RewriteRule (^|\.html|/)$ - [F]

substituting whatever extension(s) you actually use.

AndyJax




msg:4574939
 12:27 pm on May 17, 2013 (gmt 0)

Thanks for the replies. Unfortunately I can only test in a live production environment which gives me heart burn. Still scratching my head a bit. One of my main uncertainties is whether or not the RewriteCond conditions of %1.%2.%3.%4 , %1.%2.%3.* , and %1.%2.*.* will find the proper matching entries in the whitelist file. For example, if a request were to come in from IP 121.122.123.101, would it find the match on the 121.122.123.* entry in the whitelist file. Not sure about the '*'s in the last two RewriteCond directives. Thanks for your help on this.

AndyJax




msg:4574991
 2:56 pm on May 17, 2013 (gmt 0)

Also, to answer your question Lucy24, I am trying to use RewriteMap so we could update the list of whilelisted IPs in an external file so that we don't have to restart apache. My understanding is that with RewriteMap using a separate file, it will re-load its cache whenever the external whitelist file's modified timestamp changes.

lucy24




msg:4575090
 8:07 pm on May 17, 2013 (gmt 0)

Ah, you're the exceptional user who has his own server. Most questions come from people on shared hosting using htaccess. Now, if the whitelisting only applied to one directory, you could make a separate htaccess. But obviously no go for the entire site.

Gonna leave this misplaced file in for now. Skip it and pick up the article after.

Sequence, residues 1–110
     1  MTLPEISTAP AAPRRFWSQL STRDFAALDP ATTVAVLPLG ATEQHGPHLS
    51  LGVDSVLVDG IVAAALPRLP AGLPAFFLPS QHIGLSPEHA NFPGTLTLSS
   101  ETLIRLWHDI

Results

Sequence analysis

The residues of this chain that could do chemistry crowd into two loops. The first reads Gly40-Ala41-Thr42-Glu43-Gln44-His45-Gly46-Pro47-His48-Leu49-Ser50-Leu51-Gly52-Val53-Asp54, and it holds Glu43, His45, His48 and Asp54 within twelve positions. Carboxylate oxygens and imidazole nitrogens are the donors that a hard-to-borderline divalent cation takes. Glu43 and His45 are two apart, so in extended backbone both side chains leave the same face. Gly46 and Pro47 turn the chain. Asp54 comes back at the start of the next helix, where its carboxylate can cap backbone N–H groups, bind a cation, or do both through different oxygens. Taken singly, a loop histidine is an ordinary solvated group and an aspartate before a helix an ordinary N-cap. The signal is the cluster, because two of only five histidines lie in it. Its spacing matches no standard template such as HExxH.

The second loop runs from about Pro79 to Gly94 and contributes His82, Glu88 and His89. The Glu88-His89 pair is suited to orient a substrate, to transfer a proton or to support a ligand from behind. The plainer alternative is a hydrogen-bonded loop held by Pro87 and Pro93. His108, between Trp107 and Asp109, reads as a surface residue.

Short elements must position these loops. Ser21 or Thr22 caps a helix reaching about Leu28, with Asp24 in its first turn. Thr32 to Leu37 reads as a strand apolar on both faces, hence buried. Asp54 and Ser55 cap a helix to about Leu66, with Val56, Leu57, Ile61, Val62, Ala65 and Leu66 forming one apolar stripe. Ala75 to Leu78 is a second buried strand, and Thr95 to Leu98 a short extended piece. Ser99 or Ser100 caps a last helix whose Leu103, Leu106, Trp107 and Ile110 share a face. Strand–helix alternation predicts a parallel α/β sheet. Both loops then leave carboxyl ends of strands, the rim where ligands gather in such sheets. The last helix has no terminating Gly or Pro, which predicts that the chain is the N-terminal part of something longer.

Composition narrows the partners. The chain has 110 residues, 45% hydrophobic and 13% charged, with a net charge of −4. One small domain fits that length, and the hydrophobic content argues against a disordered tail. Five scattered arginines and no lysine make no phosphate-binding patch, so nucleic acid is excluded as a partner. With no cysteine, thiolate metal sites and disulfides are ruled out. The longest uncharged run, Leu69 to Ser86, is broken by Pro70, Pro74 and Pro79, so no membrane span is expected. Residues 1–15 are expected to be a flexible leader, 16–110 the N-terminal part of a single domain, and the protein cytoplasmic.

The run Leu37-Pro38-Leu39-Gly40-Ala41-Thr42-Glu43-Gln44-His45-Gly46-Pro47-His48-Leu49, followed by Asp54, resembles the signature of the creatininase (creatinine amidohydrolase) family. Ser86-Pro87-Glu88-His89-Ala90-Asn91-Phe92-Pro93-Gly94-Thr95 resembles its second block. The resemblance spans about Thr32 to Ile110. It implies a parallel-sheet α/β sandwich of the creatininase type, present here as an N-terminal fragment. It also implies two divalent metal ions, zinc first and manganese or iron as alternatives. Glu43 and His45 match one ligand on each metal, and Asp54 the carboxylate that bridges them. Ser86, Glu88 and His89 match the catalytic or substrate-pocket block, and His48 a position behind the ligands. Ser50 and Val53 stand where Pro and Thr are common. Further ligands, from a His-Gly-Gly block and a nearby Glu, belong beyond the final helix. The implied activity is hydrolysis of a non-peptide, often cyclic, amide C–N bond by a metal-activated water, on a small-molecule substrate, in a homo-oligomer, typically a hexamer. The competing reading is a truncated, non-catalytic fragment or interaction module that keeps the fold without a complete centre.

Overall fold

<snip, snip>

At this point I edited out a long and complicated reply because I realized I'm not sure you even can use a RewriteMap within a RewriteCond. Have you tried? I can't find anything about it in the docs.

If g1smd were here, I suspect he would tell you to rewrite --not redirect-- all requests to a php script which does the lookup and then either sends users to the requested page or issues a 403. (Your server logs will show everything as a 200, but do not panic. They are getting their 403s, honest.) Unlike your server, this php file can be replaced and updated at any time. I assume the list of Good Addresses isn't enormously long; I don't think we're even looking at a separate database, just a list of numbers.

AndyJax




msg:4576174
 12:41 pm on May 21, 2013 (gmt 0)

From what I have seen out there, yes you can use RewriteMap within a RewriteCond, although I have not tried it myself. The architect here does not want to use an external script for this for security reasons. My main concern is whether or not the back references (%1, %2, %3, %4, etc.) in the last three RewriteCond lines (note the RewriteCond lines are "OR'ed") work properly referring back to the first RewriteCond line for all references and if it will properly search for matches on n.n.n.* or n.n.*.* in the whitelist file?

phranque




msg:4576176
 12:50 pm on May 21, 2013 (gmt 0)

welcome to WebmasterWorld, AndyJax!

the %N backreferences will use the last matched RewriteCond

AndyJax




msg:4576187
 1:16 pm on May 21, 2013 (gmt 0)

Thanks. I will go ahead and try it out. Thanks for your help.

AndyJax




msg:4579020
 1:54 pm on May 29, 2013 (gmt 0)

The following is how I got it working:

WHITELIST IPS ##
RewriteMap ipslist txt:/path/to/whitelist.txt
RewriteCond %{REMOTE_ADDR} ^(\d+)\.(\d+)\.(\d+)\.(\d+)$
RewriteRule .* - [E=Va:%1,E=Vb:%2,E=Vc:%3,E=Vd:%4]
RewriteCond ${ipslist:%{ENV:Va}.%{ENV:Vb}.%{ENV:Vc}.%{ENV:Vd}|black} ^black$
RewriteCond ${ipslist:%{ENV:Va}.%{ENV:Vb}.%{ENV:Vc}.*|black} ^black$
RewriteCond ${ipslist:%{ENV:Va}.%{ENV:Vb}.*.*|black} ^black$
RewriteRule (.*) - [F]